One of the key areas of focus was strategic planning, and how non-profit organisations can develop and implement successful longer-term strategies. For many of the NGOs involved, strategic planning was either seen as a luxury or meant documenting broad ambitions and programmatic activities. In contrast, the programme sought to build strategic planning as an essential leadership tool to navigate complex, dynamic environments and effectively manage and build scarce resources. Using tools like PESTLE 7. The PESTLE tool analyses the macro-economic environment, including political, economic, social, technology, legal and environmental factors, helping to set out trends and likely impact on the organisation. and ‘strengths, weaknesses, opportunities and threats’ (SWOT) analysis, participants sought solutions to current challenges, including decreases in humanitarian funding, increased national NGO competition and access constraints. For some, the intended course of action was to limit the breadth of activities and increase quality and reputation, while for others it was to expand their sectoral focus and  funding opportunities (e.g. in Covid-19 community awareness-raising) and tighten links with international partners and donors.

Over the course of the PLRCAP engagements, we have had to reflect on a number of operational standards and procedures, as well as our structure. Particularly, we revised our organisational structure to depict an agile supported environment where functional staff are dedicated to generalist cross-functional teams to encourage agile delivery of project deliverables (Nigerian local NGO working in the north-east).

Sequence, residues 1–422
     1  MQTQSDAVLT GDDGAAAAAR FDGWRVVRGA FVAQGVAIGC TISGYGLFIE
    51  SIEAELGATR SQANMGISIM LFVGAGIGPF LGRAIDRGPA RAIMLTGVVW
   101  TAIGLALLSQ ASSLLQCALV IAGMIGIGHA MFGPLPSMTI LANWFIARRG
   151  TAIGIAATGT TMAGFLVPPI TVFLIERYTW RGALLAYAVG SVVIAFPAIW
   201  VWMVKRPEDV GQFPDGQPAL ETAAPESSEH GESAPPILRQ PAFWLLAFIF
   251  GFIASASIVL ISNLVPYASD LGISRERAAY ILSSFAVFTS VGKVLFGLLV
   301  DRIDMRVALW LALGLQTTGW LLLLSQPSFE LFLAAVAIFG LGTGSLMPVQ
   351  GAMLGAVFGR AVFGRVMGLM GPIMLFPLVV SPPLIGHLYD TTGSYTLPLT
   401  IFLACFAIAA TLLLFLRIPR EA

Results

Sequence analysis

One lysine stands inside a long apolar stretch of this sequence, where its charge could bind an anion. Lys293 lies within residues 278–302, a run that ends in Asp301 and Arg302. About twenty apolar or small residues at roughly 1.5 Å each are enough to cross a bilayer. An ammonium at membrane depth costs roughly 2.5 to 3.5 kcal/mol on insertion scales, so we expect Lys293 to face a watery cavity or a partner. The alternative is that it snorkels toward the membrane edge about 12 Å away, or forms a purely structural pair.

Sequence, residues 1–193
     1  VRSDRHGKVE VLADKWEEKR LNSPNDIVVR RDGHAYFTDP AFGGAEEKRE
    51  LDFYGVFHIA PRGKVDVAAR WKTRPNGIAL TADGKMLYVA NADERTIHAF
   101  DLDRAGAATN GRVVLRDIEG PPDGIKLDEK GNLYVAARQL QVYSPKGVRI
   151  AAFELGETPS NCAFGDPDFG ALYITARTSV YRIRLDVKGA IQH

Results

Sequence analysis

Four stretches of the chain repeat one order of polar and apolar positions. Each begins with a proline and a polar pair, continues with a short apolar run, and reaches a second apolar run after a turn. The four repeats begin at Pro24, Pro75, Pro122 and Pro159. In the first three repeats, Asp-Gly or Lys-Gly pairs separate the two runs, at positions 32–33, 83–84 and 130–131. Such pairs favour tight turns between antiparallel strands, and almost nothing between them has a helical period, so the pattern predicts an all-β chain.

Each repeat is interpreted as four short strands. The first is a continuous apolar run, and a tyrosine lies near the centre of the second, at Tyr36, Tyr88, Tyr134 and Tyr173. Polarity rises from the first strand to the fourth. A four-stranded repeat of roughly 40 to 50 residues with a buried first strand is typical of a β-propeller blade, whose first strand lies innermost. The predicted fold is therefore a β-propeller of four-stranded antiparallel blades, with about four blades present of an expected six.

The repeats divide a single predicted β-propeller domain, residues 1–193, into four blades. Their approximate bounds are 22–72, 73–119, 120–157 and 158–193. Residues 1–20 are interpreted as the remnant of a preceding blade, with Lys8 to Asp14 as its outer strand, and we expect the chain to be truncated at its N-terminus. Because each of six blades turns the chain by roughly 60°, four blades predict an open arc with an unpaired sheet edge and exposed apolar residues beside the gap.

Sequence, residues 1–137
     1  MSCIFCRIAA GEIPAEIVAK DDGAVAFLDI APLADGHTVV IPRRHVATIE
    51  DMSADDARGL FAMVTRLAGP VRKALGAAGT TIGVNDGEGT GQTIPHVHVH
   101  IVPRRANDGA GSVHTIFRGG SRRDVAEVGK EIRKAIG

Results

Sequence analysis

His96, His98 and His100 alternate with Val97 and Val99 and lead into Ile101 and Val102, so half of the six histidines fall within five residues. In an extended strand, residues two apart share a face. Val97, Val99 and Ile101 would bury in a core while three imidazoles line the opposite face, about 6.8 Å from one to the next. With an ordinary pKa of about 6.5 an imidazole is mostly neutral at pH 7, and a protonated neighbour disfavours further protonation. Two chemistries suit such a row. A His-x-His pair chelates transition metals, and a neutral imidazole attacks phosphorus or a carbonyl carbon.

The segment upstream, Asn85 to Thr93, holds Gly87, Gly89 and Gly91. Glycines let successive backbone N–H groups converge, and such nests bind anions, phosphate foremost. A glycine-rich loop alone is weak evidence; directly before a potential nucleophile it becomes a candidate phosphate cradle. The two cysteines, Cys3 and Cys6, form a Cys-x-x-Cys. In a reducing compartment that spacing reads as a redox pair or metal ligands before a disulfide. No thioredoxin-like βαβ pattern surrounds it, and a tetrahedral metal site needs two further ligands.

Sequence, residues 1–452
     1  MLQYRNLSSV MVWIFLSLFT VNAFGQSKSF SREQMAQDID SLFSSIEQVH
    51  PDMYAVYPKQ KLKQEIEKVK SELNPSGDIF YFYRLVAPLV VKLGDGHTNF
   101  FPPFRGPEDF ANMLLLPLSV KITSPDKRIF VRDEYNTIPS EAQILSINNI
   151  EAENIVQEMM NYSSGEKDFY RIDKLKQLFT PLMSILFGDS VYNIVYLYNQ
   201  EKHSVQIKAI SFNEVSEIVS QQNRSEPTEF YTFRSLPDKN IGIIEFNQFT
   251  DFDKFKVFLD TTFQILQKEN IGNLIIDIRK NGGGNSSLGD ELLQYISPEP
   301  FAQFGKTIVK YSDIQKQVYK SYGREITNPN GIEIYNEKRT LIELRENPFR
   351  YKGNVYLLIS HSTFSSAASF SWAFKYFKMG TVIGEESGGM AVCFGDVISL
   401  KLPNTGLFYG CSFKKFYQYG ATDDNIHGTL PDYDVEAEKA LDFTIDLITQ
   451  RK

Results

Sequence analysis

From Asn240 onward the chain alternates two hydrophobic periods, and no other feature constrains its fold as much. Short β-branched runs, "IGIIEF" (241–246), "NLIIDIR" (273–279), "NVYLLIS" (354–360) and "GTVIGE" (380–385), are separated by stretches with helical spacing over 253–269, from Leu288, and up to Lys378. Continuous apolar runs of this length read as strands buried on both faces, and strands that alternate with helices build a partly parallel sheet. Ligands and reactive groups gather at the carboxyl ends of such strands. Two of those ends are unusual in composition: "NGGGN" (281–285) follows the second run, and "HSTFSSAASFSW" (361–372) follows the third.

Another key area of focus was financial sustainability through better financial management as well as diversifying resourcing streams. The challenge for most was securing unearmarked funding and covering core costs: few participants had analysed, budgeted or developed resourcing plans to cover core costs. With no reserves, few if any could survive project breaks, let alone invest in their growth. Through the project, participants were guided on better management and budgeting of core costs and given ideas on how to better present and justify these costs to donors.  For many it was an eye-opener that an NGO could engage in revenue-generating activities. Participants were supported in idea generation and analysis through the use of the basic tools of social enterprise, including Effectuation 8. and Business Canvas Modeling 9. .